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Driving In Snow Top Tips For Success

Driving in snow can be perilous unless you are well prepared

There are no dark arts to driving in snow and ice. It is just a matter of being prepared and reacting to the weather conditions. Our comprehensive top tips should be useful to any driver, from the experienced to the inexperienced.

Road Worthiness

The first thing you should do before even attempting driving in snow is to check whether your car is road worthy for winter conditions:

  1. Treads on tyres should have at least 1.6mm but 3mm is recommended in the winter for extra traction and grip
  2. Ensure your car battery is working properly by getting it checked at a reputable garage or doing it yourself with a car battery tester
  3. Top up your engines antifreeze to prevent it from freezing in the cold
  4. Add a winter additive to your screen wash reservoir to prevent it from freezing
  5. Check your wiper blades to make sure they clear your window effectively. Old or worn blades should be replaced
  6. Store spare bulbs in your car and wipe the light glass regularly so you can see and be seen
  7. Keep your fuel tank regularly topped up to prevent unnecessary breakdowns

Be Prepared

Once you know your car is ready for driving in snow, you need to think about what kit you should store in your boot for an emergency. The amount you take with you will be dependent on the route and the length of the journey, but you should consider the following:

  1. A torch with spare batteries
  2. Stout shoes or Wellington boots – Never drive whilst wearing these
  3. A warm blanket or winter sleeping bag
  4. Thermal hat and insulated waterproof gloves
  5. Waterproof jacket and spare warm clothing
  6. Snow shovel
  7. Bottle of water and emergency food such as a chocolate bar
  8. Flask filled with a hot drink
  9. Fully charged mobile phone with a charging cable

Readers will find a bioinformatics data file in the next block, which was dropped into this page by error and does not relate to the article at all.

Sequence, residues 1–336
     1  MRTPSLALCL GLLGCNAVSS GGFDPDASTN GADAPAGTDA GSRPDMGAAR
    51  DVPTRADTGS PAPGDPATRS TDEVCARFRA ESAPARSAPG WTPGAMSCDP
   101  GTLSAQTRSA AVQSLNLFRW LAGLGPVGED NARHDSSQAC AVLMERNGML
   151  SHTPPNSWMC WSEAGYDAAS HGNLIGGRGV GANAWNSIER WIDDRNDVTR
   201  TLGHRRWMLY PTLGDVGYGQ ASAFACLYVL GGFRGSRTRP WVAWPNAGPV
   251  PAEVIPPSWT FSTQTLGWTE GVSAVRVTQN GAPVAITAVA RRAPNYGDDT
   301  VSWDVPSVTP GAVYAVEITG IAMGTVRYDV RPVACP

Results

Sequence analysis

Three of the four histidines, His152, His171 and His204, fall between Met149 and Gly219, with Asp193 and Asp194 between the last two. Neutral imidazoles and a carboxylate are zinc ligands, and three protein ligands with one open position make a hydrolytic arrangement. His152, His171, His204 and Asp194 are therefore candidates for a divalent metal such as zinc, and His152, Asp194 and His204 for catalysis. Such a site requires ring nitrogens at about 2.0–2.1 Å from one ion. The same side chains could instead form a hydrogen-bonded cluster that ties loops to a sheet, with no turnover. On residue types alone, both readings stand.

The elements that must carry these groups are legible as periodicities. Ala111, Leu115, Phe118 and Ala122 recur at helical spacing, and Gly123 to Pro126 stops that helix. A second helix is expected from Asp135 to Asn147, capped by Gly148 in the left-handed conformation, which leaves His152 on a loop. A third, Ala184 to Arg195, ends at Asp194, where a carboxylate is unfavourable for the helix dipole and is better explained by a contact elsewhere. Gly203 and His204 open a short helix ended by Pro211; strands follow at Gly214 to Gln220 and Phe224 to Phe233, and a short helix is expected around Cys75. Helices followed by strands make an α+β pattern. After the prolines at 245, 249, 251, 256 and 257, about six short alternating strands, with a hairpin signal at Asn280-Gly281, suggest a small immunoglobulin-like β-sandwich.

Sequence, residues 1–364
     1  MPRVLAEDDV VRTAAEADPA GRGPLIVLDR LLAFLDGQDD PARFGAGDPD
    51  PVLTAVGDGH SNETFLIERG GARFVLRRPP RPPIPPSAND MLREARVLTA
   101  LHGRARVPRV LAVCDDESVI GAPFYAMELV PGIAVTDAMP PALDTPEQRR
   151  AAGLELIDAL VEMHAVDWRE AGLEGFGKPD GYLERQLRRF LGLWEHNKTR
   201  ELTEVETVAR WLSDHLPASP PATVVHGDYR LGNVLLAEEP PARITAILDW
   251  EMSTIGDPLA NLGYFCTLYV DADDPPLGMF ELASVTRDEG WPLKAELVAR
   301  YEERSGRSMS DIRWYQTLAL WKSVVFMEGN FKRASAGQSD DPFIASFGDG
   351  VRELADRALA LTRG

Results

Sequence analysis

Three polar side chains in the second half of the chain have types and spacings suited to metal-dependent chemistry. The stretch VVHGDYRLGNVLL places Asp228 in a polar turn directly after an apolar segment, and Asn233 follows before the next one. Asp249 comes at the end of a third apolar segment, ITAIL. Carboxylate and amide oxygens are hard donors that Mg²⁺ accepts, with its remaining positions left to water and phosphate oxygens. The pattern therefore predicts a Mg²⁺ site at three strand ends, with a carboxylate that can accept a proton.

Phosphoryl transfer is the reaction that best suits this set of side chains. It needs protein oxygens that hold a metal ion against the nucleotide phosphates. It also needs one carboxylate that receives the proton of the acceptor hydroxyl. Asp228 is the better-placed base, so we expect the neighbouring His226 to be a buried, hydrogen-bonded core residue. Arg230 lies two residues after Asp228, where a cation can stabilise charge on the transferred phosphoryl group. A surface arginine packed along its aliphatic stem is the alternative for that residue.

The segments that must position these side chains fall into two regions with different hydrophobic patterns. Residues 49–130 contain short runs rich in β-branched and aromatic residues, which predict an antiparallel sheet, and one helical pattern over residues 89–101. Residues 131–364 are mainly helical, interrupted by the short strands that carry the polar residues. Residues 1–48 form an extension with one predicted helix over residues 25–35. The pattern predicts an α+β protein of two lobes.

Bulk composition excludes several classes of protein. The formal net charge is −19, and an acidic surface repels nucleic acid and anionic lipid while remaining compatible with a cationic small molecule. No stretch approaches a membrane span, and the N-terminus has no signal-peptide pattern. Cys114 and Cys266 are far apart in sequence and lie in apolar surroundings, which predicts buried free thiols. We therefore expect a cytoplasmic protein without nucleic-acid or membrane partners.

10. An old rug or sacking for placing under car wheels if stuck

Driving In Snow And Ice

  1. The first thing you should assess before driving in snow is if your journey is actually necessary. Speak to your employer to see if you can work from home or take the day as holiday. If your journey is necessary and unavoidable then follow these tips for driving safely:
  2. Research your route. All the major breakdown services will have up to date information of road conditions on their sites
  3. Get up early to prepare your car. Remove all snow and defrost windows thoroughly. Ensure your lights and number plates are clean and visible
  4. Leave earlier than normal and be generous with your expected journey time.
  5. Tell a family member of friend your intended route
  6. Dial your radio in to a local radio station with weather and road reports
  7. If your wheels are spinning in first gear when starting out, try pulling away in second gear
  8. Stick to main roads as they will more likely be ploughed and gritted
  9. Drive Slowly and anticipate breaking. On snow and ice covered roads the breaking distances can be up to 10 times further
  10. Apply brakes gently to help prevent skidding
  11. When coming up to a hill, leave enough space between yourself and the car in front to prevent breaking or stopping half way up
  12. Coming downhill, keep your engine in a low gear to slow your car down rather than applying the breaks


If you should find yourself broken down on the roads or stuck in snow then the first thing to remember is not to panic. There will be other drivers in exactly the same predicament at yourself.

  1. If possible, move your car off the road to prevent other drivers form getting stranded
  2. Notify friends and family members of your situation and contact your breakdown provider
  3. If you are stranded in snow it may be possible to dig yourself out. Place a rug or old mat under the tyres to give extra grip
  4. Do not abandon your car if you do not know where you are or if you are not within easy walking distance of help
  5. Cars loose heat very efficiently due to the high metal content and low insulation so keep warm by adding extra clothing layers
  6. Try and keep your engine running if you want to use electric items such as heated seats and lights. Turn it in for at least five minutes every hour
  7. Ensure the exhaust is clear of snow before turning on your engine

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This entry was posted on Monday, January 7th, 2019 at 4:35 pm and is filed under Advice. You can follow any responses to this entry through the RSS 2.0 feed.

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